The Los Angeles City Council tentatively voted to increase the city’s minimum wage to $15 an hour by 2020. The business community opposed the move. How business will react is unclear but there was much discussion during the debate over issues such as lost jobs and companies eyeing more business-friendly locations.
The wage increase is to be phased in over time, so the immediate impact may not be felt. But businesses ought to keep score when the effects hit so that officials will be cognizant of the consequences. If the wage increase does not cause economic disruptions and businesses do not actually leave Los Angeles, the business community’s credibility will suffer in the face of a mere exercise in rhetoric.
The vote to pass the minimum wage increase was 14 to 1. The council gets to vote once more on the measure after an ordinance is drafted by the city attorney, but the lopsided vote indicates there is no turning back. The council even set the wage above the recommended level offered by Mayor Eric Garcetti, who initially proposed an increase to $13.25 an hour.
The city council’s version contains an inflation clause and offers an extra year for small businesses and nonprofits to comply.
However, the business community does not consider these admissions enough. Ruben Gonzalez of the Los Angeles Chamber of Commerce said, “There is simply not enough room, enough margin to absorb a 50 percent increase in labor costs over a short period of time.”
The chamber’s president and CEO Gary Toebben wrote to his members about the many small business owners who testified in various hearings on the measure. He wrote, “They also talked about the likelihood that in order to provide a wage increase for some employees, they would have to reduce hours for others.”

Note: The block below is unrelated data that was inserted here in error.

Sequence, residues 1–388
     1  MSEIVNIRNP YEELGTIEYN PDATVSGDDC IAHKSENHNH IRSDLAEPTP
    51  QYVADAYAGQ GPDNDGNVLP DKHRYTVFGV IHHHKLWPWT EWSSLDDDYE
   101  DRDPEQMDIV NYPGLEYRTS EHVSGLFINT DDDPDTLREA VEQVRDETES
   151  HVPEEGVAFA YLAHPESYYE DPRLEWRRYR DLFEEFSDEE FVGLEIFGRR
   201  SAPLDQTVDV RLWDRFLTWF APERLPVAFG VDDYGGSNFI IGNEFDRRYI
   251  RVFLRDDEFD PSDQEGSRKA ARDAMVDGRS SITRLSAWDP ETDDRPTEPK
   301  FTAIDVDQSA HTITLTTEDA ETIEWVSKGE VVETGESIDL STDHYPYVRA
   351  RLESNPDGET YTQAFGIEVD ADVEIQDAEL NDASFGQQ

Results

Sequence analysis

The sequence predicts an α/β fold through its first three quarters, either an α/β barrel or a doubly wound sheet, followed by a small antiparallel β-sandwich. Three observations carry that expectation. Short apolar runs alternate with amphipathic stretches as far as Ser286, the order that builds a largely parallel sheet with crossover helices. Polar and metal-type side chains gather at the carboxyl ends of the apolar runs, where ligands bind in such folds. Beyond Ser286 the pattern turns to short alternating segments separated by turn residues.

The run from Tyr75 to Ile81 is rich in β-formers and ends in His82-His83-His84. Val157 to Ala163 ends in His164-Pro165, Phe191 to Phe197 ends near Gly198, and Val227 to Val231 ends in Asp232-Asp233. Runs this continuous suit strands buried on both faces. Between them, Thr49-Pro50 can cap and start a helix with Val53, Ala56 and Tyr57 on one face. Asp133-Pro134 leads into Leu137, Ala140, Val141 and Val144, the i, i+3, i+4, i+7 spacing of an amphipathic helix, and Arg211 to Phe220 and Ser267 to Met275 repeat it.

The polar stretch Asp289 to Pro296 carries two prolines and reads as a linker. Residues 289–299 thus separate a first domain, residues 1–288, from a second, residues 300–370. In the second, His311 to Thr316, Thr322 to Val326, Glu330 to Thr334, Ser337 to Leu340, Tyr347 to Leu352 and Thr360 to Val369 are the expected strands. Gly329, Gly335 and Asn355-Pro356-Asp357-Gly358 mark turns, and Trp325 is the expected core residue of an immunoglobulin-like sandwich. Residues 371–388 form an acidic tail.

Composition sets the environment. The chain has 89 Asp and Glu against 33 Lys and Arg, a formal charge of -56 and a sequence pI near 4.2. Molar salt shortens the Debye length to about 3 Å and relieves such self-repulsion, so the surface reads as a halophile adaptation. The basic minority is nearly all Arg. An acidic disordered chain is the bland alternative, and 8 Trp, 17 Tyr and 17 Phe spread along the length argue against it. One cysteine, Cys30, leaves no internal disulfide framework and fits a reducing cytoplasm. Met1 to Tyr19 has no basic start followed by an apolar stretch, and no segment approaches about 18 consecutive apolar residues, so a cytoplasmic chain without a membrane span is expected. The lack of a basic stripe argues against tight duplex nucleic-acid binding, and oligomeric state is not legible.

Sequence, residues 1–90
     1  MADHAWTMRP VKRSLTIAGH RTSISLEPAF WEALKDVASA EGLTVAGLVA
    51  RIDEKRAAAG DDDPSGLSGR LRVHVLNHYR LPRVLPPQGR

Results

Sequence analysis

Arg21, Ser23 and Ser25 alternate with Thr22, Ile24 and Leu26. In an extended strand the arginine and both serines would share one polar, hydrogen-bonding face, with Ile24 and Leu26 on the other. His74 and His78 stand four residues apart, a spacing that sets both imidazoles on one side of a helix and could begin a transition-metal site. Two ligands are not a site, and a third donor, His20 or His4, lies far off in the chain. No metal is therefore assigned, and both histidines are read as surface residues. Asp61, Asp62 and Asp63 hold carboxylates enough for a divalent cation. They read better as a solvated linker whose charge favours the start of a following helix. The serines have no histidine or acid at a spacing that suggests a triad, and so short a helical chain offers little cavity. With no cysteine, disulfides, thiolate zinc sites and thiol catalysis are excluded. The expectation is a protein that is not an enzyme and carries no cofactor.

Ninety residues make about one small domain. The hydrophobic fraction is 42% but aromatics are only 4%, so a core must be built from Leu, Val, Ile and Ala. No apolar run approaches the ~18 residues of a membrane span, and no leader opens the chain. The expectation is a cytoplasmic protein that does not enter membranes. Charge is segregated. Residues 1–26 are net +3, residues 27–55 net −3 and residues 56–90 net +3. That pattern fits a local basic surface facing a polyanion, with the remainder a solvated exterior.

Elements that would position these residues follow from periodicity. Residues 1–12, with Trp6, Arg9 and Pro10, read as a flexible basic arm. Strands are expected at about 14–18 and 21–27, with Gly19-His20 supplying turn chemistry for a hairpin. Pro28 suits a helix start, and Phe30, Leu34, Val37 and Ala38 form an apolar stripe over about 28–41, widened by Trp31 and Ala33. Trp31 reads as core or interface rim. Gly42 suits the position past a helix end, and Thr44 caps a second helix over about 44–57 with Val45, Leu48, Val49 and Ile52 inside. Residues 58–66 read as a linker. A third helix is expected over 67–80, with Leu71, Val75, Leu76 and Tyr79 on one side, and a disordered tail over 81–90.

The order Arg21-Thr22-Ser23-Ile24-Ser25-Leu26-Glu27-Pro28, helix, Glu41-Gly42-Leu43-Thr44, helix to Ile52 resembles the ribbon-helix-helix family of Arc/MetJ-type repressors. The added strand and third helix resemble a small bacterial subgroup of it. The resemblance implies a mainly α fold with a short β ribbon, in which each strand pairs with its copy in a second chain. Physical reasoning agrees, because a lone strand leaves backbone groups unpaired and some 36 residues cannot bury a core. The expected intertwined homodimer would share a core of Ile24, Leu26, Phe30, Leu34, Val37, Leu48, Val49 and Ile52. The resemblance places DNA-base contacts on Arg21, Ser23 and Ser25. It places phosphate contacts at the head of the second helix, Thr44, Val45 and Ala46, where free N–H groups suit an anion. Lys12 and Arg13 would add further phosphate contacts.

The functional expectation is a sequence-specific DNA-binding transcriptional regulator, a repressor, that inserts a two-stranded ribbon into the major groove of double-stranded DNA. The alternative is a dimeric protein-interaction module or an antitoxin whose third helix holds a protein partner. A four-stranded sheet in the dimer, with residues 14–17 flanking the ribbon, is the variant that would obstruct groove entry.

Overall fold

Toebben noted wryly, “Last week, there were banners hanging throughout City Hall celebrating Small Business Week. There are many small business owners in L.A. who don’t feel like the city is celebrating them today.”
Earlier on the day of the vote, the Los Angeles County Business Federation (BizFed) released a survey on business conditions in the area. According to a release from BizFed, “The city of Los Angeles stood out again as being cited most frequently by employers as unfriendly. Santa Clarita and Glendale were ranked in the top 5 most business friendly cities, which is notable because officials from those two cities are actively courting city of Los Angeles businesses in light of the proposed city of Los Angeles minimum wage increase.” (Author’s emphasis.)
So what will Los Angeles businesses do? Once the minimum wage law takes effect will there be jobs lost or hours cut? How many businesses move to a different location? Business credibility is on the line. Crying wolf and not acting will damage efforts to turn around what many decry as unfriendly business policies.